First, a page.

February 12, 2013
Stamps in Belgium will soon be sweet, chocolate-sweet. Bpost, the Belgian postal service, will issue a limited run of chocolate-themed stamps, beginning March 25. The series will include five different designs, including nutella and chocolate sprinkles.

Wrestling Out of 2020 Olympics
February 12, 2013
The International Olympic Committee has removed wrestling from the 2020 Olympics. The decision includes both freestyle and Greco-Roman wrestling, the IOC said, confirming that the two sports will be on offer at the 2016 Summer Olympics, in Rio de Janeiro.

Longer School Day Nets Flak in France
February 12, 2013
A French government decree to lengthen the school day has resulted in widespread criticism. The government, in an effort to increase performance of French students, has told schools nationwide to add a half-day of school on Wednesday (the only day of the week on which students currently don't go to school) and to reduce the school day by 45 minutes the other three days, for a net increase of more than two hours in class time.

Christmas Truce Commemorative Soccer Game Planned
February 10, 2013
Among the events being planned to mark the one-hundred-year anniversary of the start of World War I is a soccer game. On Christmas Day in 1914, the warring soldiers laid down their weapons and met in no-man's land for a discussion, in which has come to be known as the Christmas Truce.

Etch-a-Sketch Inventor Dies
February 3, 2013
The inventor of the Etch-a-Sketch® has died. Andre Cassagnes, a French electrician who for years was not listed as the venerable toy's creator, was 86.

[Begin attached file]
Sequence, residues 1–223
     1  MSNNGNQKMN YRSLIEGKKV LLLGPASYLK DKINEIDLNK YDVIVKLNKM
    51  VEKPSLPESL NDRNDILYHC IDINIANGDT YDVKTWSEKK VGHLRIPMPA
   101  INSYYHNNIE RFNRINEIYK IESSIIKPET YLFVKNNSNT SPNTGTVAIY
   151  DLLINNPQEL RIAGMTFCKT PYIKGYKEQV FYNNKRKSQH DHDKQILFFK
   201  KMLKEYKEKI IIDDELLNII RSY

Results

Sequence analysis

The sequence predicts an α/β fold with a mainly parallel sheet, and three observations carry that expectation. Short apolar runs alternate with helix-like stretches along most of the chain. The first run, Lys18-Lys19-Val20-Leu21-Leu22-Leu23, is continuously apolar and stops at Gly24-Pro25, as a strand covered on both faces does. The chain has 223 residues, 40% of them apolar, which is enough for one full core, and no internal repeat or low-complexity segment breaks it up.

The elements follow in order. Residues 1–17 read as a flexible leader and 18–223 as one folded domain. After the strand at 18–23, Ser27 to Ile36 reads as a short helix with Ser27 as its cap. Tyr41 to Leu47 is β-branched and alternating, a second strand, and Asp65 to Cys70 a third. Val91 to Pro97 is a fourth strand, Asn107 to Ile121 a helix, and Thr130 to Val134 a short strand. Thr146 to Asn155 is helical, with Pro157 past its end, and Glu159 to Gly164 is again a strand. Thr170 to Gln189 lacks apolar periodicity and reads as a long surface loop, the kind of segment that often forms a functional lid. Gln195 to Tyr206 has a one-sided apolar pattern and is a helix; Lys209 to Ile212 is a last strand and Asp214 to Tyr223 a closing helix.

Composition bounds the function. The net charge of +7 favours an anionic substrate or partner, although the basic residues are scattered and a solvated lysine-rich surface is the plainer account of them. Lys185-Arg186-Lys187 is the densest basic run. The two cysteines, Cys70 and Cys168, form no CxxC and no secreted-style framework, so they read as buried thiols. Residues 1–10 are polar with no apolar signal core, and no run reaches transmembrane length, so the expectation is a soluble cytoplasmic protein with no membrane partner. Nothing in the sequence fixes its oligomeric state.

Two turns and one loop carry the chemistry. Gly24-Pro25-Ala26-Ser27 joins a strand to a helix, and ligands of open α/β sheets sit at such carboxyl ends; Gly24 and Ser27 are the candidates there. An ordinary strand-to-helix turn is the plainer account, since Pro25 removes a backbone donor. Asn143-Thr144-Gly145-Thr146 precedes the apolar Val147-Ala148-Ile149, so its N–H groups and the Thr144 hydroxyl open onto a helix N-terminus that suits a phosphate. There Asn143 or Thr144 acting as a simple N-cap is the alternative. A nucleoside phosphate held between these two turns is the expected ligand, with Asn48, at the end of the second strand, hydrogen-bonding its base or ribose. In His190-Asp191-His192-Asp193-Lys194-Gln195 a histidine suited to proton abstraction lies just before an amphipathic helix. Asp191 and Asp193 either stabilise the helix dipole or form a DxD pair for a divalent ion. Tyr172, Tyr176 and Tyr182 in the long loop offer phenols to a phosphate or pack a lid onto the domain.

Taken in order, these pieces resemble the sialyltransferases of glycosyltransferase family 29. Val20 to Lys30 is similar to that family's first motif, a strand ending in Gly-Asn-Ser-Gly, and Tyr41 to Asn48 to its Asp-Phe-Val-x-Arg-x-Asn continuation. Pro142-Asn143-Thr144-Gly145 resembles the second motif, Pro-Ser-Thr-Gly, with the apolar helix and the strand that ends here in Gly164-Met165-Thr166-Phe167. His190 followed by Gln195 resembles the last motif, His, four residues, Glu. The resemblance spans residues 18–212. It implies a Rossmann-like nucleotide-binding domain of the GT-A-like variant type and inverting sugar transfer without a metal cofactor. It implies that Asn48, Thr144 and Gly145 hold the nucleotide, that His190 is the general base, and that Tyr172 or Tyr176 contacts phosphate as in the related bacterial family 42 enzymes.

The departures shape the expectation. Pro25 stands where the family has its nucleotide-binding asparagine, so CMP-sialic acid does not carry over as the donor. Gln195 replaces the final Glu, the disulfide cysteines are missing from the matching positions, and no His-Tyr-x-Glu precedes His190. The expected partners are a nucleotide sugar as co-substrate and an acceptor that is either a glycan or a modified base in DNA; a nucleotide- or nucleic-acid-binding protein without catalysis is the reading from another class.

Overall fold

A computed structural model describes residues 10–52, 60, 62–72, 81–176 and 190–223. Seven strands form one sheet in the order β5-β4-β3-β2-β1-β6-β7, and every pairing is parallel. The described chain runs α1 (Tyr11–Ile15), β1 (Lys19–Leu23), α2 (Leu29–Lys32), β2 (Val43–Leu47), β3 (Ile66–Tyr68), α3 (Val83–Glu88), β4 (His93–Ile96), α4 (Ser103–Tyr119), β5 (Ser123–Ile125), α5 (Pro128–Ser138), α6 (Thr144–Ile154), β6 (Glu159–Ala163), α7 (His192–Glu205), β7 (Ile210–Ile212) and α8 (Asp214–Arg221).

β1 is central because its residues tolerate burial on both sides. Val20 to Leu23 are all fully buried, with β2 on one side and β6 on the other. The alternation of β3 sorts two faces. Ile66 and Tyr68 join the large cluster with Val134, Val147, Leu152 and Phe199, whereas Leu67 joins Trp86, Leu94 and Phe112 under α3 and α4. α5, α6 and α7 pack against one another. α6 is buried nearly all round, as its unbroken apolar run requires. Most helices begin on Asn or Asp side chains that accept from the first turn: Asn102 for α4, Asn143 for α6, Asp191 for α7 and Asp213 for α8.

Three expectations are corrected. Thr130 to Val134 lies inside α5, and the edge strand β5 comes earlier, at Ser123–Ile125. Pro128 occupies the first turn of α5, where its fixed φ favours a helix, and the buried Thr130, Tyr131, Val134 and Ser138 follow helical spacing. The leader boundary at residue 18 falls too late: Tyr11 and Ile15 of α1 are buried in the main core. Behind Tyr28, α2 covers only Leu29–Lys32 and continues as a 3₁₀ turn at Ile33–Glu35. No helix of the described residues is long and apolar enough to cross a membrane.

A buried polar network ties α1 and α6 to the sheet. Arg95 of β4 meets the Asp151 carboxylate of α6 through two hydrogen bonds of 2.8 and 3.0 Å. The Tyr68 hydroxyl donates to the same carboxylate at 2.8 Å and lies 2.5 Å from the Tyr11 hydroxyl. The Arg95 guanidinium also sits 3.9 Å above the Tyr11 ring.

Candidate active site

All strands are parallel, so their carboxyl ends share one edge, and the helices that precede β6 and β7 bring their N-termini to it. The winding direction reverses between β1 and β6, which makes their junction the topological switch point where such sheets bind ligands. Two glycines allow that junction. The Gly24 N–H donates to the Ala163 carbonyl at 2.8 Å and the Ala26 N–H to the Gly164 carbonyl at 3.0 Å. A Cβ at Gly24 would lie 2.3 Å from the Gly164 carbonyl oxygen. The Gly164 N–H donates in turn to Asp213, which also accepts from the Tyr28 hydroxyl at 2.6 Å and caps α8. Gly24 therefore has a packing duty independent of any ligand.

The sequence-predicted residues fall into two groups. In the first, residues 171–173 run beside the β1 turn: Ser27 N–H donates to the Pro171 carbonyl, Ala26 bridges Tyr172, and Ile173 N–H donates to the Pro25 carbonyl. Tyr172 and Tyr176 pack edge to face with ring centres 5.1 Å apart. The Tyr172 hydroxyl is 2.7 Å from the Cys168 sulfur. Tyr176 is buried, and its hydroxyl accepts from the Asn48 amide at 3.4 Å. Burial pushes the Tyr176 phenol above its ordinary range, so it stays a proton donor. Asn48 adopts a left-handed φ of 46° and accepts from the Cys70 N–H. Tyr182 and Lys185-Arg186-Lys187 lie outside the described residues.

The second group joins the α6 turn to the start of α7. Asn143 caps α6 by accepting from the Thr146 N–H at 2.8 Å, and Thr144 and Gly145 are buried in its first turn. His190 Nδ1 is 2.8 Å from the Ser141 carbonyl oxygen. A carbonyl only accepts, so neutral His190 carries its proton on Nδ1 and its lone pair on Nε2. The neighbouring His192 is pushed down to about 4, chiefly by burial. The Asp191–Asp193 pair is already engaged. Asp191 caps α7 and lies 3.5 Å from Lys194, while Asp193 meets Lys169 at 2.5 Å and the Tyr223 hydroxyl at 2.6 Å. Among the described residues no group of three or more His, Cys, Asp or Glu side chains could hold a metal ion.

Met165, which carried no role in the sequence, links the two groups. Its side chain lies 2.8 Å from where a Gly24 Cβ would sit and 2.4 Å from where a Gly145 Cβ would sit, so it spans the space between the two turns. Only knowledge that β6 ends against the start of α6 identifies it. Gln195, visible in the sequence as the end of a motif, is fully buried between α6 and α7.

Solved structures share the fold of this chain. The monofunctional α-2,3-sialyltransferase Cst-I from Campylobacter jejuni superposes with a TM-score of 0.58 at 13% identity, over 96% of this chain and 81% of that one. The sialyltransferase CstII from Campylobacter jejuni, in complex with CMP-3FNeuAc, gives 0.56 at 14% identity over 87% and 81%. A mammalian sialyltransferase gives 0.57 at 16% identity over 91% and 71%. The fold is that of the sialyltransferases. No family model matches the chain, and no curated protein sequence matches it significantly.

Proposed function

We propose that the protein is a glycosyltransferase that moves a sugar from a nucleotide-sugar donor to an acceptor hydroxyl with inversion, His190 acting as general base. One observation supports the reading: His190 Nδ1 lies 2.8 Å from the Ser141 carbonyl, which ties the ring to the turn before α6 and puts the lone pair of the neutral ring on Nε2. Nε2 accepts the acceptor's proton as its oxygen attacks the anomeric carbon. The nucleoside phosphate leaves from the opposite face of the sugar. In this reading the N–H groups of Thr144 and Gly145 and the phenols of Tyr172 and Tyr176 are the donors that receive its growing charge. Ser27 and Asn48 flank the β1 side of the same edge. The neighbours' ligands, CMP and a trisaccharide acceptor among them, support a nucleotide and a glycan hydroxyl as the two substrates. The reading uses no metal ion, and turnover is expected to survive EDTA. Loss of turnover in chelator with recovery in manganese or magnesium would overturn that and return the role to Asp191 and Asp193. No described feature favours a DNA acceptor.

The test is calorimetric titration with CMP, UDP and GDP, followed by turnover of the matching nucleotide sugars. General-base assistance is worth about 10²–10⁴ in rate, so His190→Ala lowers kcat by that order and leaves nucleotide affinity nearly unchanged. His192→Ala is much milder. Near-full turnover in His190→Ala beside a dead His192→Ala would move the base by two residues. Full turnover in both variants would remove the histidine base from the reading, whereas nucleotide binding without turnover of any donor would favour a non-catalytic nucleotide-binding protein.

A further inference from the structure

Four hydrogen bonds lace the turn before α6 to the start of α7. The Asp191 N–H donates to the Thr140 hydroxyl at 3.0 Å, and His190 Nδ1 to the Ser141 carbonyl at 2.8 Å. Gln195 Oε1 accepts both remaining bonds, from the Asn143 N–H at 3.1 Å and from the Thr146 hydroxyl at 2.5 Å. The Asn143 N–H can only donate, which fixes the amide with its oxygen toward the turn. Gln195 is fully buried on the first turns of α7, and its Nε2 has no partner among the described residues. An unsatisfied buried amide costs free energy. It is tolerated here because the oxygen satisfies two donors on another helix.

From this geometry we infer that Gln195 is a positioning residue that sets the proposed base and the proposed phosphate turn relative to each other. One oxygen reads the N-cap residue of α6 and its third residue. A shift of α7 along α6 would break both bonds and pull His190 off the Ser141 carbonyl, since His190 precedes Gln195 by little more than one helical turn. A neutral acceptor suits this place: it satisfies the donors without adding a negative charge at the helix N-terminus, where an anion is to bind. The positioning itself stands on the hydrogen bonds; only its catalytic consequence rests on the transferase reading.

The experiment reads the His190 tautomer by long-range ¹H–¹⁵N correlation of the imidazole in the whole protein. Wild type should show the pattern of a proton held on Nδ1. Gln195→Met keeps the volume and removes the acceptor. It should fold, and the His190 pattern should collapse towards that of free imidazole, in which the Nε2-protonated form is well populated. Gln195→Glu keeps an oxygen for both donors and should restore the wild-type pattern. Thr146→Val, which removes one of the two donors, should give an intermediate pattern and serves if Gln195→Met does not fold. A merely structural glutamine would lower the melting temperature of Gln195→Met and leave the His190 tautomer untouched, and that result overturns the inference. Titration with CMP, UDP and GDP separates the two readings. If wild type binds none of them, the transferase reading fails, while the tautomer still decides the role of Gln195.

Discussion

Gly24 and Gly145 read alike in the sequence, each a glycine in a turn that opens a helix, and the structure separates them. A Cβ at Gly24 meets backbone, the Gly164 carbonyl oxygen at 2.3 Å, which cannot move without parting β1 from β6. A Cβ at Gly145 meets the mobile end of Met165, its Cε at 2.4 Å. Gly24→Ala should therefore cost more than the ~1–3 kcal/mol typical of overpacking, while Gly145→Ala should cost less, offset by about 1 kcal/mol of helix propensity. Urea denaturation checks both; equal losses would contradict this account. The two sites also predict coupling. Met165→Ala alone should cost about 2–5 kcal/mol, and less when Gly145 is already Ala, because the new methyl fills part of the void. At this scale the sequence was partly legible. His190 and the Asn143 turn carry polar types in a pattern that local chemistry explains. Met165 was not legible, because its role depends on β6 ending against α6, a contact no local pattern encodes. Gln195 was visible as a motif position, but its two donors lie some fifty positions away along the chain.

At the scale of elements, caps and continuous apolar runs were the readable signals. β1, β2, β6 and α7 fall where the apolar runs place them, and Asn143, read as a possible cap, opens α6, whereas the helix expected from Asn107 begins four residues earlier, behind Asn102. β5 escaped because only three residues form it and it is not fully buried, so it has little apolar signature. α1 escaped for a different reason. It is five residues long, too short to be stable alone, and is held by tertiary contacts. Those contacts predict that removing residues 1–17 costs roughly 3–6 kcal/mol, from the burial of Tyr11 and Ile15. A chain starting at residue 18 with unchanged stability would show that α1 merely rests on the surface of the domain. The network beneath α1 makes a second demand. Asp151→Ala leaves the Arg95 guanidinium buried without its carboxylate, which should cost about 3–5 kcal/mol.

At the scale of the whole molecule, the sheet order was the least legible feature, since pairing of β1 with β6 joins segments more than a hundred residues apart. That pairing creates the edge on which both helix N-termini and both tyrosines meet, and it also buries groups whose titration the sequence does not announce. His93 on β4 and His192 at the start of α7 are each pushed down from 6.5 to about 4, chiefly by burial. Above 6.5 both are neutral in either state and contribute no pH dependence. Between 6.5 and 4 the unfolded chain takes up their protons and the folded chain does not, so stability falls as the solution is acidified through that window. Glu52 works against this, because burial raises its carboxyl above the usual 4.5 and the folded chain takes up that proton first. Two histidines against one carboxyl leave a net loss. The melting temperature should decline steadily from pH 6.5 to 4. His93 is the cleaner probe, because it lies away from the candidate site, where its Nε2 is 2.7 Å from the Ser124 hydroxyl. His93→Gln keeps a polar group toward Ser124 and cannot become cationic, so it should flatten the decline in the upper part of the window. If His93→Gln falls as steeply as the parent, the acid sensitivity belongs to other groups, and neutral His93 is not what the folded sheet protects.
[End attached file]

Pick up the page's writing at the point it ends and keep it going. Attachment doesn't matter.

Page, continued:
Canada Takes Penny Out of Circulation
February 3, 2013
Canada is officially off the penny. The Canadian Mint has stopped circulating the one-cent coin to banks and has issued a recall for all current one-cent holdings. Retailers can still accept pennies, until the supply runs out. However, the Government is encouraging retailers to adopt the new rounding rules.

Oldest Marathoner to Retire at 101
January 31, 2013
Fauja Singh will run his final marathon on February 24. He will be five weeks away from his 102nd birthday.

South Korea Joins North in Space
January 30, 2013
Both North Korea and South Korea can now boast of a successful rocket launch. North Korea's launch took place in December. South Korea's took place yesterday.

Egyptian Curfew Cut Amid Widening Concern
January 30, 2013
The Egyptian Government has announced a reduction of the curfew in three Suez Canal cities, in response to continued violence and the army chief's warning that the Government's future was dire. Meanwhile, President Mohamed Morsi cut short a visit to Europe to return to Cairo, and opposition leader Mohamed El-Baradei reiterated a call for a national unity government.

Au Revoir to Hashtag in France
January 30, 2013
One person's hashtag is another person's sharp word. That's the case in France, where the Government has officially banned the word "hashtag" from online transmissions, most notably Twitter. Instead, French speakers are encouraged to use "mot-dièse," which is the rough equivalent of the English "sharp word."

Smog Readings Off the Charts in China
January 30, 2013